Education Days Beijing 2018
Multiple Short Course Programme
Rock Physics for Quantitative Seismic Reservoir Characterization (岩石物理在定量地震储层描述中的应用)
|Tapan Mukerji, Stanford University|
|2 day (12 - 13 July)|
|5 CPD points|
*This short course comes with Chinese translation service.
This course covers fundamentals of Rock Physics ranging from basic laboratory and theoretical results to practical “recipes” that can be immediately applied in the field. We will present quantitative tools for understanding and predicting the effects of lithology, pore fluid types and saturation, saturation scales, stress, pore pressure and temperature, and fractures on seismic velocity. We will present case studies and strategies for quantitative seismic interpretation and, suggestions for more effectively employing seismic-to-rock properties transforms in reservoir characterization and monitoring, with emphasis on seismic interpretation for lithology and subsurface fluid detection.
- Introduction to Rock Physics, motivation, introductory examples
- Parameters that influence seismic velocities - Conceptual Overview
effects of fluids, stress, pore pressure, temperature, porosity, fractures
- Bounding methods for robust modeling of seismic velocities
- Effective media models for elastic properties of rocks
- Gassmann Fluid substitution – uses, abuses, and pitfalls
derivation, recipe and examples, useful approximations
- Partial saturation and the relation of velocities to reservoir processes
- The importance of saturation scales and their effect on seismic velocity
- Shaly sands and their seismic signatures
- Granular media models, unconsolidated sand model, cemented sand model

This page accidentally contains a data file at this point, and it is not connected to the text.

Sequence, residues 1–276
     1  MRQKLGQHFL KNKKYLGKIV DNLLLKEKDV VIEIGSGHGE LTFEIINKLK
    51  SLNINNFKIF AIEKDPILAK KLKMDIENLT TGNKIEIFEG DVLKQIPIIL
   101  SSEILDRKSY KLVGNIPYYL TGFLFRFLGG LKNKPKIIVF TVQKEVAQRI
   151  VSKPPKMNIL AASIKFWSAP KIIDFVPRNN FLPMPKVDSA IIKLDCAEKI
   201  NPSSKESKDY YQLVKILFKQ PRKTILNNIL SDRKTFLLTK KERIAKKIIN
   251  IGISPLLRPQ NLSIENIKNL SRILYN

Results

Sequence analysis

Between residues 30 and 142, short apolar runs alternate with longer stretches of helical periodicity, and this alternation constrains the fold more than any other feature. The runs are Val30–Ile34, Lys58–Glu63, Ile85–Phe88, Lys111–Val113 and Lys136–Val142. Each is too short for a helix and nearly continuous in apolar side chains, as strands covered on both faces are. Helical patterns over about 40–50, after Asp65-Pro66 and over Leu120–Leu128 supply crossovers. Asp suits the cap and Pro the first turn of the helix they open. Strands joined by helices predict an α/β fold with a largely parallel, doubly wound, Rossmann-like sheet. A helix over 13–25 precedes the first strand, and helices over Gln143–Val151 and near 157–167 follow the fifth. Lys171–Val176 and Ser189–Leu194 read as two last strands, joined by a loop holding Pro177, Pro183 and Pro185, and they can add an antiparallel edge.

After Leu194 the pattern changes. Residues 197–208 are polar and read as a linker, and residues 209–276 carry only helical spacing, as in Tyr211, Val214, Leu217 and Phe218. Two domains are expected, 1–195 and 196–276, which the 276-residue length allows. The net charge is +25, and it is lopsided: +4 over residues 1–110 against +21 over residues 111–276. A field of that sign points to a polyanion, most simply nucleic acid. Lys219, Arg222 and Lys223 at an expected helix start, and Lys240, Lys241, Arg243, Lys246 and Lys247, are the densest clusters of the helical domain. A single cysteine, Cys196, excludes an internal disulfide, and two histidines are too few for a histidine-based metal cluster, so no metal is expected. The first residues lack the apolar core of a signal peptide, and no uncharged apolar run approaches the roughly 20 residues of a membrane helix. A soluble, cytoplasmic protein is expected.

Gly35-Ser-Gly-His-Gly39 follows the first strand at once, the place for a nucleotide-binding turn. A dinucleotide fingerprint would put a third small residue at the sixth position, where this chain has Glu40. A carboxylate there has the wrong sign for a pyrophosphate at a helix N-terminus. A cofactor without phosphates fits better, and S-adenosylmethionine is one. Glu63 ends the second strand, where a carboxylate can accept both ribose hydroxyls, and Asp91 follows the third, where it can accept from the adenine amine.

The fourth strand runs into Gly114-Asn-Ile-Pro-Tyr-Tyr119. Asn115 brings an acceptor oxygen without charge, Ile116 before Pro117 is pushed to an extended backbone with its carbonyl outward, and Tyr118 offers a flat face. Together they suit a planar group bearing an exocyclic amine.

- Velocity dispersion and attenuation; Velocity Upscaling
- Rock Physics of AVO interpretation and Vp/Vs relations
- Quantitative seismic interpretation and rock physics templates.
- Example case studies using AVO and seismic impedance for quantitative reservoir characterization
The course is recommended for all geophysicists, reservoir geologists, seismic interpreters, and engineers concerned with reservoir characterization, reservoir delineation, hydrocarbon detection, reservoir development and recovery monitoring.
About the instructor
Tapan Mukerji is an Associate Professor (Research) and co-director of the Stanford Center for Reservoir Forecasting at Stanford University, where he got his Ph.D. (1995) in Geophysics. His research interests include rock physics, geostatistics, wave propagation, and stochastic methods for quantitative reservoir characterization and time-lapse reservoir monitoring. Tapan combines experience in conducting leading edge research, teaching, and directing graduate student research. He was awarded the Karcher Award in 2000 by the Society of Exploration Geophysicists, and received the ENI award in 2014. He is an associate editor for Geophysics, journal of the Society of Exploration Geophysicists, and Computers and Geosciences. In addition to numerous journal publications, Tapan has co-authored The Rock Physics Handbook, Quantitative Seismic Interpretation, and The Value of Information in the Earth Sciences, all published by Cambridge University Press. He has been an invited keynote speaker and lecturer for numerous short courses on rock physics and geostatistics, in North and South America, Europe and Asia.